William Morris House
William Morris married his second wife, Patsy Hillian, on October 5, 1831. The couple had a son in 1835 when Morris was 74 years old.
William Morris, a Revolutionary War veteran, came to Montgomery County in 1806, He bought a 20-acre farm near Centerville in 1815 and moved into this house with his family. With no daughters in the family, they employed an African American female servant to help with the many domestic chores, a common practice at the time.
Historically, the first floor was divided into three rooms. he stone floor was originally made of wood planks with a root cellar below. Carillon Park created the opening in the ceiling in 1953 to allow a view of the second floor and roof construction.
Built circa 1815 on West Social Row near Centerville, Ohio.
Erected by Warren E. and Thelma L. Snyder.
Topics. This historical marker is listed in this topic list: Settlements & Settlers.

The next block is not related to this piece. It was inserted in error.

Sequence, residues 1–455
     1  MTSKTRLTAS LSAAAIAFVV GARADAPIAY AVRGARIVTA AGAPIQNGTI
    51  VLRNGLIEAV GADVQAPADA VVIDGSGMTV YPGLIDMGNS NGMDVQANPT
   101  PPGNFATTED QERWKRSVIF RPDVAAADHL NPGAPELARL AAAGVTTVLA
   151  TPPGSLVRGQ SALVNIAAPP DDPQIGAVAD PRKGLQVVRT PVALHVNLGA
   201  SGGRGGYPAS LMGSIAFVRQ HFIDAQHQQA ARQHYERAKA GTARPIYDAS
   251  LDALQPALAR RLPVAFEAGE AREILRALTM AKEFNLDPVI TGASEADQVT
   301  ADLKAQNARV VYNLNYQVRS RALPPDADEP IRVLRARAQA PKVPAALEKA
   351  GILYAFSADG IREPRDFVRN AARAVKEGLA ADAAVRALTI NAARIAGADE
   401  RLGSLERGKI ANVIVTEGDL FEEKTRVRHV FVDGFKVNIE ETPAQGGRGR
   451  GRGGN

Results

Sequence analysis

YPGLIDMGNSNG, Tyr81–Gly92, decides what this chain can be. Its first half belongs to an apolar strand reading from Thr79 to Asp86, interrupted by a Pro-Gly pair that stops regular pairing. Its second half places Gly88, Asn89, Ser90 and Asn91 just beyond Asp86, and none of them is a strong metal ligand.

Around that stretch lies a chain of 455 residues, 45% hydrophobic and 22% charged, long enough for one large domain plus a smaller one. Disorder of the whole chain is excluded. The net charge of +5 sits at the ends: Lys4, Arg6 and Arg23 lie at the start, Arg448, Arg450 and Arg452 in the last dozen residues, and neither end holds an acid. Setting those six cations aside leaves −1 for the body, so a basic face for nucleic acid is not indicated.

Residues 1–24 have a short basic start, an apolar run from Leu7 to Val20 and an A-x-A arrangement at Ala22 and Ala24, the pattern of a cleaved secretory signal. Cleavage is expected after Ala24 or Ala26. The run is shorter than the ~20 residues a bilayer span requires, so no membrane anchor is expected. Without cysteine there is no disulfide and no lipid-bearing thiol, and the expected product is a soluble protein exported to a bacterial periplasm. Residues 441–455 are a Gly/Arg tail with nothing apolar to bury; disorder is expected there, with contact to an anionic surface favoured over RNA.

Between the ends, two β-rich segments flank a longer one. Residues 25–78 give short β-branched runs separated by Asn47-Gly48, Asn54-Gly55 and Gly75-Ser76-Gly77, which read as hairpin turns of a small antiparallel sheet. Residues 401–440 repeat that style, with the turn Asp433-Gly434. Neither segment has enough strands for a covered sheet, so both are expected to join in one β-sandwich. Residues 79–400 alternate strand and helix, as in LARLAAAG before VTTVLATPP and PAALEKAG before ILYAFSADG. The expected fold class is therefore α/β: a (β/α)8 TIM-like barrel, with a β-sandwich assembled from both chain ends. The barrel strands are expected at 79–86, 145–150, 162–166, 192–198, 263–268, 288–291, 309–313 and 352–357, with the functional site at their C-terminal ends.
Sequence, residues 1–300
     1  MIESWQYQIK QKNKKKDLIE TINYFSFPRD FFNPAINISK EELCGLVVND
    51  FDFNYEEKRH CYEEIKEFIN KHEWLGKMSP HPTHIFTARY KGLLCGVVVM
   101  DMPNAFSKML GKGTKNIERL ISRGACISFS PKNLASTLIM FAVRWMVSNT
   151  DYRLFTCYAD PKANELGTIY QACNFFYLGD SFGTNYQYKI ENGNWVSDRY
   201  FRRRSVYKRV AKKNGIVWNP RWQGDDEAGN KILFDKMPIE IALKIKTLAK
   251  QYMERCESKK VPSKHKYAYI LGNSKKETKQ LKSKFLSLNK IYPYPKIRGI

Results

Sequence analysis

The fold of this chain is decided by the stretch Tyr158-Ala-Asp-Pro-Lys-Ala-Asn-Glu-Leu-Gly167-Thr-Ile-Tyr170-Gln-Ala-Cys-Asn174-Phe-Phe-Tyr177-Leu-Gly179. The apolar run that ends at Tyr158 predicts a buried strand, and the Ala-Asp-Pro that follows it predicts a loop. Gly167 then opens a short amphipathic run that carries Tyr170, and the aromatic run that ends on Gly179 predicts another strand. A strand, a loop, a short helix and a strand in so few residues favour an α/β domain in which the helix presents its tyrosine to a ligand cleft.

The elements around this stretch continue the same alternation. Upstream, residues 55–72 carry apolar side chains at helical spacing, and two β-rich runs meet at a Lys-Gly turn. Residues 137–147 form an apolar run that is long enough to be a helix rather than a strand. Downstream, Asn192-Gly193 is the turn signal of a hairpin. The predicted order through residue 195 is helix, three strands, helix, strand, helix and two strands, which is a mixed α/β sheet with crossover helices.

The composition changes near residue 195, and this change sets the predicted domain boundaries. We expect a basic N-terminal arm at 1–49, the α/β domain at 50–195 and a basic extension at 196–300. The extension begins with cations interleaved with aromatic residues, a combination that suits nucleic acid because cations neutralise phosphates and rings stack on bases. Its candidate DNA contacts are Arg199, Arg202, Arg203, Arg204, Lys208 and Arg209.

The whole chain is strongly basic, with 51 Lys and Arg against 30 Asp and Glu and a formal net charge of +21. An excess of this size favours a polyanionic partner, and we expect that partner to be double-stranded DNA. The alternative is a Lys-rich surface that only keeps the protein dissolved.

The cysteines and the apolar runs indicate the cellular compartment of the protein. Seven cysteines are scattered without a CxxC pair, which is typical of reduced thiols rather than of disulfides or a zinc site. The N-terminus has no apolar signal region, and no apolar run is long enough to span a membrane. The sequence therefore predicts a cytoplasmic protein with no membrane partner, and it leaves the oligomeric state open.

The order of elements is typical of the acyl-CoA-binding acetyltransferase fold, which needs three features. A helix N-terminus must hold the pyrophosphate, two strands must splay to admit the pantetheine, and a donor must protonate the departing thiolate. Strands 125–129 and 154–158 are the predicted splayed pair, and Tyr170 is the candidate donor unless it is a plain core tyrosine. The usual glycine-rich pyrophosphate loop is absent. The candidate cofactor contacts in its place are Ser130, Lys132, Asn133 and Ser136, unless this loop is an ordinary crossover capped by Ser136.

Location. 39° 43.707′ N, 84° 12.017′ W. Marker is in Dayton, Ohio, in Montgomery
Other nearby markers. At least 8 other markers are within walking distance of this marker. Hetzel Summer Kitchen (here, next to this marker); This Sun Dial (a few steps from this marker); Newcom House (a few steps from this marker); Newcom Tavern (within shouting distance of this marker); Dayton Triangles Locker Room (within shouting distance of this marker); Deeds Barn (within shouting distance of this marker); Culp's Cafe (within shouting distance of this marker); The Old River Park Swimming Pool Light Tower (within shouting distance of this marker). Touch for a list and map of all markers in Dayton.
Credits. This page was last revised on April 6, 2018. It was originally submitted on April 6, 2018, by Rev. Ronald Irick of West Liberty, Ohio. This page has been viewed 139 times since then and 12 times this year. Photos: 1, 2, 3, 4. submitted on April 6, 2018, by Rev. Ronald Irick of West Liberty, Ohio. • Andrew Ruppenstein was the editor who published this page.